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“…reverence is the greatest virtue because it attracts the Grace of God…If someone neglects the little things the danger is that he’ll start neglecting the greater, holier things. And then, without realizing it, rationalizing it all to himself—‘ This is nothing, that doesn’t matter’—he can end up, God forbid, totally neglecting the things of God and becoming irreverent, arrogant, and atheistic.” (St. Paisios of the Holy Mountain)

“Many people today treat religious ideas and speech with flippancy and irreverence. Others assume that religion is merely an ideology that supports the social order. Few stand before the Lord in awe, dread, and fear. In light of these trends, let us examine ourselves! If we abandon a soul-shaking “fear of the Lord,” we adroitly remove any thought of God from our life and-death concerns, and even from consciousness itself. We consider affairs that come from “the hand of the Lord” (Acts 11:21) as passing events along our journey through bland existence.” (Dynamis 4/20/2018)

“Many a searching, although blind, mind has mistaken religion for some philosophical system. Too irreverent and profane handling of religion often makes of it a science, a pastime study. Now and again we come by the way of such who make religion a speculation; yes, and a speculation without a question as to its nature. Do you not know that religion is one of the qualities of your soul? An essential substance, I might say, to be plain, of your self-recognizing, self-satisfied, living spirit? Those who are convinced of this fact are not indifferent to religion. Indifferentism has no place in the serious life of one who seeks to be right-minded.” (St. Sebastian Dabovich)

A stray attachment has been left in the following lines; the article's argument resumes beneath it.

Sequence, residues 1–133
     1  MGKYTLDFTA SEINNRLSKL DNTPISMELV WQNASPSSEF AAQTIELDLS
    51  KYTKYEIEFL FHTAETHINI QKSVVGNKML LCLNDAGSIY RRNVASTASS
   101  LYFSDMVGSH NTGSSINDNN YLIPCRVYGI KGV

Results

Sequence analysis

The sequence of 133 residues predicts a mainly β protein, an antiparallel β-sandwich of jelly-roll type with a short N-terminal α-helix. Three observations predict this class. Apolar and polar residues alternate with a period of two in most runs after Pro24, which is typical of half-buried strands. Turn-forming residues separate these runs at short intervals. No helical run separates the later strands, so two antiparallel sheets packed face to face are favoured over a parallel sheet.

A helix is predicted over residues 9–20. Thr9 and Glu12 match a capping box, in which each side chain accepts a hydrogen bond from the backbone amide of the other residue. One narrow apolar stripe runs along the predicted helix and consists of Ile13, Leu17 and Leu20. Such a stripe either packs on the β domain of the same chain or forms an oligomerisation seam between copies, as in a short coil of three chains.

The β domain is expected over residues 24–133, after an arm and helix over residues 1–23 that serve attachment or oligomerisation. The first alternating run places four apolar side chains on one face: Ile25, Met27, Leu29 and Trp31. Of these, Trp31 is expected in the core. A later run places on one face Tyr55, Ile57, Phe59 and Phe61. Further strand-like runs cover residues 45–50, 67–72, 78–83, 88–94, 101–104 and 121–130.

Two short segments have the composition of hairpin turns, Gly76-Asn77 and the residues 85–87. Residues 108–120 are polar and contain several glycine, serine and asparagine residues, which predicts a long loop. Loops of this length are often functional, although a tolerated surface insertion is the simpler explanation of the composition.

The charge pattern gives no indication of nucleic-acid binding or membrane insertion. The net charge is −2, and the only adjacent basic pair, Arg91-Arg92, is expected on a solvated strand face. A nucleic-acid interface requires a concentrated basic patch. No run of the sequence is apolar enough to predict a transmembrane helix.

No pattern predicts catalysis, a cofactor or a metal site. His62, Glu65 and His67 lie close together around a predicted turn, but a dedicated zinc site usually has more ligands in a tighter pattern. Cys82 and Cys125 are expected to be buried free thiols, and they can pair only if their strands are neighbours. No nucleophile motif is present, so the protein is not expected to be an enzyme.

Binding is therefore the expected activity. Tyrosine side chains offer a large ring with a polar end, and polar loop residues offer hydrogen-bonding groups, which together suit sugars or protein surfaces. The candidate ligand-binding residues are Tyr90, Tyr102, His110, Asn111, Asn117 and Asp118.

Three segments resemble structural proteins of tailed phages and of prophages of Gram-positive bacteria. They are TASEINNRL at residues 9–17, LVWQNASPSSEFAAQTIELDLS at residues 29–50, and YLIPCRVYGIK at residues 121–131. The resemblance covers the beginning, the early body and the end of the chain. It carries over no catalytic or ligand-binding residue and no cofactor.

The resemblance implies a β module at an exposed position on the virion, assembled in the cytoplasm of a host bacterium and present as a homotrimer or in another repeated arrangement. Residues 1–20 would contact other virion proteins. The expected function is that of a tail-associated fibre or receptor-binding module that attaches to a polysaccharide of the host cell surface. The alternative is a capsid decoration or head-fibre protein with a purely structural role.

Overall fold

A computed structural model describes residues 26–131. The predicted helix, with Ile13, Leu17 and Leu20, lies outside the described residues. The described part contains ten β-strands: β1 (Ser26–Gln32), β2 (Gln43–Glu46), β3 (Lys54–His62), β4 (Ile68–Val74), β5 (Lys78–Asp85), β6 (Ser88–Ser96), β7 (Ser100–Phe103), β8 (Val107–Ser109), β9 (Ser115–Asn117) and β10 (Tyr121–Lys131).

“The Ten Commandments which God gave to Moses on Mount Sinai are the foundation upon which rests the structure of our civilization. These laws of God are timeless and ageless. There never will be an age or a civilization which can without peril to itself say that it is all right to lie, to steal, to bear false witness, to commit adultery, or to kill…The Third Commandment says simply: You shall not take the name of the Lord your God in vain. What does this mean? This Commandment simply forbids all irreverence, for when we lose respect for God, we lose respect for ourselves who were made in His image.” (Fr. Michael J. Buben)

“How do we cultivate a sensitivity to the spiritual reality that pervades everything?... learning to pay attention to the present spiritual reality in the Divine Liturgy, we learn how to notice and attend to the divine presence in the rest of our lives. Another important way to develop spiritual sensitivity is to cultivate reverence. To be reverent is to respond to holy things as if they really are holy. I often don’t do this. I often, for example, come into church in a hurry. I often walk into a room with an icon and do not even in the slightest way reverence the icon. Sometimes I am quite irreverent in the presence of things that have been liturgically set apart as holy. If I can be irreverent even before what is obviously holy, how do I expect ever to become sensitive enough to reverence God’s holy presence in my brother and sister and even yet in all creation?” (Fr. Michael Gillis)

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